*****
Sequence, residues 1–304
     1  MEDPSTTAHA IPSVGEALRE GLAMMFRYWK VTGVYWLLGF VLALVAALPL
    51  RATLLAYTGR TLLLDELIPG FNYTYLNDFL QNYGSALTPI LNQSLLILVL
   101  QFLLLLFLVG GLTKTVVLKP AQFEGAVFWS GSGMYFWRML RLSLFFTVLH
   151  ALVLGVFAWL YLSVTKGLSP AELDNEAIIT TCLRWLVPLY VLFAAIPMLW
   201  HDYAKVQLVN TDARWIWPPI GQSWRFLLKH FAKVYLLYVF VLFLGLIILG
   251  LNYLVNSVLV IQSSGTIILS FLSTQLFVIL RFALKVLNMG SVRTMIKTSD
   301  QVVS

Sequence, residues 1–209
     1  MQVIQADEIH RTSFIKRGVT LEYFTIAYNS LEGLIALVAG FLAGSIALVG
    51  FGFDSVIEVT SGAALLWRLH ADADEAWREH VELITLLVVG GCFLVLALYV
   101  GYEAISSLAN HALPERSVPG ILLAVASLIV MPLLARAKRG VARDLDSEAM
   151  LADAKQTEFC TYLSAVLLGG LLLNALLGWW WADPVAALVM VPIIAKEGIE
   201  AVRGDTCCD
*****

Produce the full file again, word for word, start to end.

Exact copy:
Sequence, residues 1–304
     1  MEDPSTTAHA IPSVGEALRE GLAMMFRYWK VTGVYWLLGF VLALVAALPL
    51  RATLLAYTGR TLLLDELIPG FNYTYLNDFL QNYGSALTPI LNQSLLILVL
   101  QFLLLLFLVG GLTKTVVLKP AQFEGAVFWS GSGMYFWRML RLSLFFTVLH
   151  ALVLGVFAWL YLSVTKGLSP AELDNEAIIT TCLRWLVPLY VLFAAIPMLW
   201  HDYAKVQLVN TDARWIWPPI GQSWRFLLKH FAKVYLLYVF VLFLGLIILG
   251  LNYLVNSVLV IQSSGTIILS FLSTQLFVIL RFALKVLNMG SVRTMIKTSD
   301  QVVS

Sequence, residues 1–209
     1  MQVIQADEIH RTSFIKRGVT LEYFTIAYNS LEGLIALVAG FLAGSIALVG
    51  FGFDSVIEVT SGAALLWRLH ADADEAWREH VELITLLVVG GCFLVLALYV
   101  GYEAISSLAN HALPERSVPG ILLAVASLIV MPLLARAKRG VARDLDSEAM
   151  LADAKQTEFC TYLSAVLLGG LLLNALLGWW WADPVAALVM VPIIAKEGIE
   201  AVRGDTCCD